Medicare helps you get the coverage you need, but you should expect to have some cost-sharing. If you choose Medicare Part A and Part B, (Original Medicare), you’ll find gaps in the coverage. Many people enroll in a Medicare Advantage Prescription Drug plan, (MAPD), or a Medicare Supplemental plan and a stand-alone Rx plan to help pay for their medical and drug costs, and benefits that aren’t covered by Original Medicare.
As you get close to Medicare eligibility, (generally at age 65 – younger if on disability for 24 months, and older if currently receiving creditable coverage on an employer group plan), it is good to get accurate information about the time limitations for your effective dates to avoid penalties. Good resources for this is your local Social Security Administration office, Medicare.gov, or your HR supervisor at work.
If you’re turning 65, you have an opportunity to enroll in a Medicare plan. You can enroll three months before the month you turn 65, the month of your birthday and three months after. If you wait to enroll in a plan, there is a chance you’ll have fewer plan choices, and you may have to pay a Late Enrollment Penalty.
If your health care needs change over time, so can the health plans you choose. You’re not locked into one plan permanently. You’ll have an opportunity to change plans at least once a year.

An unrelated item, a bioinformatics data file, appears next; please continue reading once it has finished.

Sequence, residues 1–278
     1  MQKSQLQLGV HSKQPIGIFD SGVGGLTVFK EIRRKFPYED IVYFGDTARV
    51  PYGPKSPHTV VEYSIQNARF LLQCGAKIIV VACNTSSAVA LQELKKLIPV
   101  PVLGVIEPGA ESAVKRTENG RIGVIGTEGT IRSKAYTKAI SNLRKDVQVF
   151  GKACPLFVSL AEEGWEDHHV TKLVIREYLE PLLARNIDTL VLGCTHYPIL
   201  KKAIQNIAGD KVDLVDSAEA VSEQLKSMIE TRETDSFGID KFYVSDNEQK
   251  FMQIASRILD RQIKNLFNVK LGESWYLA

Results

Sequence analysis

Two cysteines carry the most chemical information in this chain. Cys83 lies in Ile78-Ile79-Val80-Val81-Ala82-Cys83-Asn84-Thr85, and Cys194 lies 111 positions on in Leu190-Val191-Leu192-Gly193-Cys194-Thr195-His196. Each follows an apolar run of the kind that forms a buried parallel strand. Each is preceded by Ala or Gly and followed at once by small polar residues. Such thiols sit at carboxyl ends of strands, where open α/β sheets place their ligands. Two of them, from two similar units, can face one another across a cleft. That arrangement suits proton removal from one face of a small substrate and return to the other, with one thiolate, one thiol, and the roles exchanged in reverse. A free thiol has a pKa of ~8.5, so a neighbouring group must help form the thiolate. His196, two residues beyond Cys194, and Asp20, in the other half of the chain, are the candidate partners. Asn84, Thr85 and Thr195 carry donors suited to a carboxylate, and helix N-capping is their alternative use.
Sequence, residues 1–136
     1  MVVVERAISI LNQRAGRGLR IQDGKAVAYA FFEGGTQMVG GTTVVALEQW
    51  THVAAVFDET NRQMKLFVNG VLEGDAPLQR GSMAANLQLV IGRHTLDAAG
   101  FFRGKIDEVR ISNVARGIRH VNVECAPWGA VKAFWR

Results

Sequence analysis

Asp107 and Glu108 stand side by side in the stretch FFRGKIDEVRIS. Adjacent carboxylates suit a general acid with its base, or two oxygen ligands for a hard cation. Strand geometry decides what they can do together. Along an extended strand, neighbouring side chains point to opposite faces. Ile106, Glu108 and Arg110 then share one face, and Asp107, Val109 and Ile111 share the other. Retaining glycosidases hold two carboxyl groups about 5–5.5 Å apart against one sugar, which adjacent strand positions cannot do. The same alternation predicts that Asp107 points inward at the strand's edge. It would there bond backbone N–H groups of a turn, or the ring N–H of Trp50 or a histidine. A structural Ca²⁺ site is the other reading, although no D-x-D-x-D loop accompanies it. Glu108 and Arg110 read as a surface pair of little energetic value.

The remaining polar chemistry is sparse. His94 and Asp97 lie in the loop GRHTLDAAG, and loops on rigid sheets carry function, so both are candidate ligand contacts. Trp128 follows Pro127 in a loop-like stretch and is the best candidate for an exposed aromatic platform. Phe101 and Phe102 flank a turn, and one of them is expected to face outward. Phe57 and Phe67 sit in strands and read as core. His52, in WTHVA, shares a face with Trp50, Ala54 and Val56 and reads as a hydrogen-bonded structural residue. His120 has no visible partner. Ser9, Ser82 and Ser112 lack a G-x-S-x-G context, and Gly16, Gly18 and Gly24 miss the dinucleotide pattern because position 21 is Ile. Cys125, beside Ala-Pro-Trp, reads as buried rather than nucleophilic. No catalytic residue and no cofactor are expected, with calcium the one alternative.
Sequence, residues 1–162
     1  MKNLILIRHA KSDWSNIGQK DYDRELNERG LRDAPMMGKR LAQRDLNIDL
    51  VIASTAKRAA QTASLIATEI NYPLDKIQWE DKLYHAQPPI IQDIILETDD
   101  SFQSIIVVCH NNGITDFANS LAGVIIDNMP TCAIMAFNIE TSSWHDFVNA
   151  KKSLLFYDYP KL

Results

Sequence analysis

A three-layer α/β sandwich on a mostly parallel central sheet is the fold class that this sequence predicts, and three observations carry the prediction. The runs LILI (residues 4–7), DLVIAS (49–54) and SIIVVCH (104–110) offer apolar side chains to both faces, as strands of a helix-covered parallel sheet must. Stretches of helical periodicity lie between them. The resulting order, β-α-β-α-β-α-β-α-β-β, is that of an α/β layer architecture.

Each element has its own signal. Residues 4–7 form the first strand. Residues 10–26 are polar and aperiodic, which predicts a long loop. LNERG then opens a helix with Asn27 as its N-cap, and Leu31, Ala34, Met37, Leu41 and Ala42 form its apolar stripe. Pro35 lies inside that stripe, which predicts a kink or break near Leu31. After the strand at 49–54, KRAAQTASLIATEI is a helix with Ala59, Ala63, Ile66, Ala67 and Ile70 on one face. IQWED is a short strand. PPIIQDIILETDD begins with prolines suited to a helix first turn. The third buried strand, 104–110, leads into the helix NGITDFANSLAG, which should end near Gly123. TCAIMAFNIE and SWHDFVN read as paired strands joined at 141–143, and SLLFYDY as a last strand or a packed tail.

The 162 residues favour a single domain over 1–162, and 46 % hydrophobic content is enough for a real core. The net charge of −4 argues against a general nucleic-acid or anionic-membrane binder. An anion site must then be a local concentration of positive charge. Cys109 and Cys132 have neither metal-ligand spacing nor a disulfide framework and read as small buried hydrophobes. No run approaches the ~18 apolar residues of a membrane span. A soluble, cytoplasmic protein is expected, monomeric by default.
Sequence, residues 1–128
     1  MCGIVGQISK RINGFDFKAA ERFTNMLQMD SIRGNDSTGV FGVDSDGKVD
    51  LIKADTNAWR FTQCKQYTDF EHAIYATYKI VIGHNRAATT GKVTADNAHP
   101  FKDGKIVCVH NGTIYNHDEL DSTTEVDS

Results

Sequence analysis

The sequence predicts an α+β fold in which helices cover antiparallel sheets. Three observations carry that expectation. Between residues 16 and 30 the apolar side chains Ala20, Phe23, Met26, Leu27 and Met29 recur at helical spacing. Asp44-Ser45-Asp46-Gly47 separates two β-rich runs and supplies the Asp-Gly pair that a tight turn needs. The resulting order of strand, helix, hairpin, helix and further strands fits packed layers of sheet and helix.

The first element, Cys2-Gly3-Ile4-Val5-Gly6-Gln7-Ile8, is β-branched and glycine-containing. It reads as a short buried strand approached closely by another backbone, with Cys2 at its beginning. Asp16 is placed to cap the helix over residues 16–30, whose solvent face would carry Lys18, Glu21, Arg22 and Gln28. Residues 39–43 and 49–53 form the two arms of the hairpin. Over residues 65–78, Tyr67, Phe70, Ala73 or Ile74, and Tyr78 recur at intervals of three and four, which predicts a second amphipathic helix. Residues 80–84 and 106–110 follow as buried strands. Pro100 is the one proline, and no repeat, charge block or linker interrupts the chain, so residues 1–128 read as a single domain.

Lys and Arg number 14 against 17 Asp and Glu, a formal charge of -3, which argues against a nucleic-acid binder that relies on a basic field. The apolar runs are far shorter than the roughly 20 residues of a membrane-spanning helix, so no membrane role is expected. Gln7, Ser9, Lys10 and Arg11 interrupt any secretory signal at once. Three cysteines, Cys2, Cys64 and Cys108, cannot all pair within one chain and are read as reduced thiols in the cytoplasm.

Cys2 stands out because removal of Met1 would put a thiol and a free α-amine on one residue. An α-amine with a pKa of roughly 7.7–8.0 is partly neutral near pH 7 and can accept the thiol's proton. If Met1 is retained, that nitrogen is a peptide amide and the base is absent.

Here are some things to know about the “age 65” rule.
If you have questions about when you will be eligible for Medicare, visit www.medicare.gov, or call your local Social Security Administration office for more information.
The Social Security Administration handles most of the paperwork for joining Medicare. The first letter you get in the mail about Medicare will probably come from Social Security. If you’re drawing Social Security benefits when you turn 65, Social Security will automatically enroll you in Medicare Part A and Part B. If you are not drawing Social Security, you can elect to have your Part B become effective online, but contract Social Security first to see if that would be applicable in your case.
Social Security can also help you find out if you’re eligible for Extra Help with the cost of Medicare and/or prescription drug coverage.
As you make your decisions about Medicare, keep your current health coverage in mind. This could be retiree health coverage from your former employer or your union, if you’ve retired.
If you’re still working, you may have health coverage from your current job. Or you may have purchased your own health insurance.
You’ll need to find out whether you can keep any coverage you currently have, and what your costs might be. You may have more choices available to you than the standard choices described in this guide.
Explore your options with someone who’s familiar with the details of the coverage you have now. If it’s coverage from an employer or a union, you can start with a human resources manager or a benefits specialist. Or talk to customer service at the insurance company that provides the plan. Do your research well. In some cases, if you keep your current coverage and wait until later to join Medicare, you may have fewer choices and pay more.
This content is republished with permission from medicaremadeclear.com